Things don’t always happen the way we expect them to. In a crisis, this is generally taken as a rule: the common story told about humanitarian response is that crises are dynamic, and that humanitarian organisations must therefore be flexible and agile to deliver assistance and provide protection—within days or even hours—to those who need it most. Compared to their development colleagues, who work with longer time frames, humanitarian staff and agencies have a reputation for working quickly, and as such are looked to by others, including the business sector, for their abilities to deliver goods and services in chaotic environments (Charles et al., 2010).
But experience in many major humanitarian responses of the past 10-15 years is raising questions about the enduring strength of these capabilities.
Humanitarian crises face multiple types of dynamic change: changes in population movements, changes in need or our understanding of need, changes in context, and changes in our understanding of programme performance. While humanitarian actors are good at dealing with particular kinds of change – such as those involved in the rapid onset of an emergency caused by natural hazard – their track record for responding appropriately and timely to other types of change in crisis settings is not as strong (ALNAP 2015;
ALNAP 2018 forthcoming).
Through research conducted in 2017 and 2018, ALNAP has explored the role that flexibility –or lack thereof – is playing in humanitarian actors’ ability to respond effectively to new crises and changes in crises over time. In many instances, humanitarian actors were perceived—by themselves and others— to be struggling to adapt to the dynamics of the crises in which they operate. Even basic changes, such as the location of assistance, or changes to the number or type of materials provided to affected people, can be difficult to implement.
Yet humanitarian actors have been responding to highly dynamic, unstable environments for decades. If anyone should be well-placed to adapt continuously to changes on the ground, it is humanitarian organisations. So, why is this not happening?
In answer to this question, this paper sets out the situations which lead humanitarian organisations to try to change what, where and how they operate, and explores the challenges they face in making these changes happen. It introduces work carried out primarily outside the humanitarian sector on flexibility and adaptive capabilities, to provide some initial thinking on how humanitarian agencies can improve their ability to respond to dynamics and uncertainty.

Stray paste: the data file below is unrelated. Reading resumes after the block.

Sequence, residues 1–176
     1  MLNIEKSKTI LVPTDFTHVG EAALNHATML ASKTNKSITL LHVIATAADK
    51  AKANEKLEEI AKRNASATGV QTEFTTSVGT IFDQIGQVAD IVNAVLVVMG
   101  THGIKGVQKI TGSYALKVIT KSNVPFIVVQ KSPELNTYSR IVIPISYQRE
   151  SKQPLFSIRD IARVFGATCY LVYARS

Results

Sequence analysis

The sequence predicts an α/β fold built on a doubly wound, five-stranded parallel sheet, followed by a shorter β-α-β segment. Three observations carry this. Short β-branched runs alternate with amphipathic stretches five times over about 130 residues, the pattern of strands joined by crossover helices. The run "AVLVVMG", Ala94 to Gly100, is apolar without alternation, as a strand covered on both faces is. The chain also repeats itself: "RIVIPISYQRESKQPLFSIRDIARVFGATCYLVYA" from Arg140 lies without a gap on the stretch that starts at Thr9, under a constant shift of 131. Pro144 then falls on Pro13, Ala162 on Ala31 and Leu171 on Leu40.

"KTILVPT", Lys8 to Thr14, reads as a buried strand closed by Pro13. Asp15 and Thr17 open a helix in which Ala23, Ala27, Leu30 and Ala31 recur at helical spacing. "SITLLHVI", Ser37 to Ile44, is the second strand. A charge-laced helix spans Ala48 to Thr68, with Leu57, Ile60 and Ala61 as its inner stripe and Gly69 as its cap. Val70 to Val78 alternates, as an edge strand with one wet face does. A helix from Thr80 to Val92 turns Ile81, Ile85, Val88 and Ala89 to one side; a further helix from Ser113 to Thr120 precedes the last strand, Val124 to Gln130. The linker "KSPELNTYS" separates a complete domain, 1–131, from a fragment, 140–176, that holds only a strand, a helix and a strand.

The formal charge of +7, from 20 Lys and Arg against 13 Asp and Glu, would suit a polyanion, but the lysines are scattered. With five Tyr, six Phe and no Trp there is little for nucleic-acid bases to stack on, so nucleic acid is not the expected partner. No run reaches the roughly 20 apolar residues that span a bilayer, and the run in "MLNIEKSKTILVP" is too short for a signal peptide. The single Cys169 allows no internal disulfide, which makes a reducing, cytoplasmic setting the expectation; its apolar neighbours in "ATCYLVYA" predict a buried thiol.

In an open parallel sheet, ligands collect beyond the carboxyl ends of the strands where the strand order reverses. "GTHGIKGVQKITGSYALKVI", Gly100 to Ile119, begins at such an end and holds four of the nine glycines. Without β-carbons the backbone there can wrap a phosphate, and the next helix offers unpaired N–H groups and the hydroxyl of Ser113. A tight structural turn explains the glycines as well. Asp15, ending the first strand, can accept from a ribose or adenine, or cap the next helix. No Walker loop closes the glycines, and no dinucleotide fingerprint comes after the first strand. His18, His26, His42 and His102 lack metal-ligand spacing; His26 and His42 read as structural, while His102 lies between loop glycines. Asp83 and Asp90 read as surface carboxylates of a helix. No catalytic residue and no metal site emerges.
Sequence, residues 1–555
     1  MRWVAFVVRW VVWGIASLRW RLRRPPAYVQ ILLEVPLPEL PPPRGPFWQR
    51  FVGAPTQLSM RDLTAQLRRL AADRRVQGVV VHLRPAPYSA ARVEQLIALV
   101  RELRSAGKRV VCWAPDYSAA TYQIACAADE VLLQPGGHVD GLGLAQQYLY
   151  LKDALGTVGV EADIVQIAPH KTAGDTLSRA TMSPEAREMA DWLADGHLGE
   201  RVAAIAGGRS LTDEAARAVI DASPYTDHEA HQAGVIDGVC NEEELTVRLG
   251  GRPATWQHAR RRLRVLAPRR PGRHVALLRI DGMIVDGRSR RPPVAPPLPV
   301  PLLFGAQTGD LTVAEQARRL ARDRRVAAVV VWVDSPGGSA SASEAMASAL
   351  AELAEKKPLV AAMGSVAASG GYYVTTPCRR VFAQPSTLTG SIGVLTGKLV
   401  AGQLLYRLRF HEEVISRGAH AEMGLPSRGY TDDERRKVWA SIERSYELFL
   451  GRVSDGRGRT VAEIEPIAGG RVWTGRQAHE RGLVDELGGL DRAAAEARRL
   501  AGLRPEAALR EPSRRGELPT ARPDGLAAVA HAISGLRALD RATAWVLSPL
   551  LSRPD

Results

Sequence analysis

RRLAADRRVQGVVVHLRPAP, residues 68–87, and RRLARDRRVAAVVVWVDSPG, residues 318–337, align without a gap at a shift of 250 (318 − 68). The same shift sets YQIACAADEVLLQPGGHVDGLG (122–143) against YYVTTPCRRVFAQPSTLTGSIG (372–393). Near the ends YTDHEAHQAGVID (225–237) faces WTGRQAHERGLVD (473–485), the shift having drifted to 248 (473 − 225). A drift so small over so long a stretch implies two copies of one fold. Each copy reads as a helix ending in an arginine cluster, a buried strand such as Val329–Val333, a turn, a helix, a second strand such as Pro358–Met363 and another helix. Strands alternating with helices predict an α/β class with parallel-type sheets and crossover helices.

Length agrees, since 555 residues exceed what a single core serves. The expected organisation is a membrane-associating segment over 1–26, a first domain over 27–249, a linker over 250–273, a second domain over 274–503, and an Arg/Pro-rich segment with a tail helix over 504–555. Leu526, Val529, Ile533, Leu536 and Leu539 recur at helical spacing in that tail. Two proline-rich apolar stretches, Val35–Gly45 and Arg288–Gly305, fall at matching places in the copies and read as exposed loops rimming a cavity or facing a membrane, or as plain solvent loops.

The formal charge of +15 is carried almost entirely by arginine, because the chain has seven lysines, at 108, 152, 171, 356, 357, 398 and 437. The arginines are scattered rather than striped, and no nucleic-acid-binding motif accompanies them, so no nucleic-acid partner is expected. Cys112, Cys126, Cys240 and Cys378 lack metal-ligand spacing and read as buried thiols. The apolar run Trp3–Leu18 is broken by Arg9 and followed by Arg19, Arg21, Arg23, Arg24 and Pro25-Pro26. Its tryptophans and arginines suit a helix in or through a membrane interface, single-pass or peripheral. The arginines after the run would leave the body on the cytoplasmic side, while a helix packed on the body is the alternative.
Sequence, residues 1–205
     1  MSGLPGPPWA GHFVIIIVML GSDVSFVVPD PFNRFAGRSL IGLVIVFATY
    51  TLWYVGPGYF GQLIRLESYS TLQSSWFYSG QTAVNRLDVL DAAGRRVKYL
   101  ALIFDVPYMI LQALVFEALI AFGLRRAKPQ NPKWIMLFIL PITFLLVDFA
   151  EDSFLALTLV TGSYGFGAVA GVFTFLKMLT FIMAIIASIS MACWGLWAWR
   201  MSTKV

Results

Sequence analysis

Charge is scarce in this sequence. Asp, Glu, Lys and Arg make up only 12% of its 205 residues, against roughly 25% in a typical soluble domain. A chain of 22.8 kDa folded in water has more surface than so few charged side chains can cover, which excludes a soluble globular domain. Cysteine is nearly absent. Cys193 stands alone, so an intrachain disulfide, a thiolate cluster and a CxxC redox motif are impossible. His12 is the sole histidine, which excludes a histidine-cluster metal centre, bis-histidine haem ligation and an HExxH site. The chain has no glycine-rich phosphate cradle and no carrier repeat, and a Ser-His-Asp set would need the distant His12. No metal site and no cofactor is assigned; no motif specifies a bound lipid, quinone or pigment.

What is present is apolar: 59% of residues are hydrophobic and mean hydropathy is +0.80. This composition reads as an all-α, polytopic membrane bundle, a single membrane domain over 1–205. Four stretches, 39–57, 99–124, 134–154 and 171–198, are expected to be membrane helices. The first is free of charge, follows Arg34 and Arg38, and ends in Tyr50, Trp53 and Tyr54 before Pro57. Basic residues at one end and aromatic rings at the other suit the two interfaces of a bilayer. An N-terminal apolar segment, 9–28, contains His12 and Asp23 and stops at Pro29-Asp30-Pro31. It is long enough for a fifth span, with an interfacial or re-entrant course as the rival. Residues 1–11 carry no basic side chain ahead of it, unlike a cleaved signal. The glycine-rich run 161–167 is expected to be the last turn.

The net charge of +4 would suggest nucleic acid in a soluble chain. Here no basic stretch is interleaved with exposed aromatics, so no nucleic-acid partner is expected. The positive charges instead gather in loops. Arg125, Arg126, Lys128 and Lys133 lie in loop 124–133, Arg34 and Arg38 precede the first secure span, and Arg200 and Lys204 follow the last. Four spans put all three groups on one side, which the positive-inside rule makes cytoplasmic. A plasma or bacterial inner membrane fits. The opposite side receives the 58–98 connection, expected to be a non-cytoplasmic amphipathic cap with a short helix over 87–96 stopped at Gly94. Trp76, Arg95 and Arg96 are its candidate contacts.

The paper suggests that humanitarian organisational systems were set up to respond with flexibility for a particular set of purposes, and that two recent trends are straining these systems.
First, expectations for humanitarian actors and assistance have shifted in some policy circles. Also, the contexts in which humanitarians operate are more complex and have greater bearing on how programming and support are delivered. This means that the types of change to which humanitarians are having to respond are different and are more complex. It is not change itself that is the challenge, but the nature of the change that humanitarians face in most operating environments that is becoming problematic.
Second, the systems used – both externally with donors and internally – for strategy, supply-chain management, performance monitoring, accountability and risk management have evolved in ways that restrict the range of options that humanitarians have at their disposal in a dynamic environment. The way in which humanitarian organisational functions are structured and managed make it harder to implement necessary changes in a timely and efficient manner.
Outside the humanitarian sector, a set of frameworks and approaches have been conceptualised and developed to help organisations respond more effectively to dynamic and tumultuous environments. These approaches, known as adaptive capabilities or adaptiveness, refer to an organisation’s ability to adjust and make necessary changes to achieve a set of goals within dynamic or complex external environments. This discussion paper reviews the challenges humanitarian actors face in changing where, what and how they deliver. It considers how thinking about adaptiveness and adaptive capabilities might be relevant to addressing these challenges.
Section 1 reviews the different ways in which humanitarians change their engagement in a response and the common situations in which they must do so, highlighting challenges to making these changes, based on recent evaluations.
Section 2 discusses the organisational functions through which humanitarian organisations deliver their work and barriers to flexibility within these.
Section 3 explains why recent work on adaptiveness and adaptive capabilities can be useful for humanitarian actors and introduces the basic concepts.
It concludes with a brief summary of the state of evidence on adaptive approaches and a set of questions for further discussion.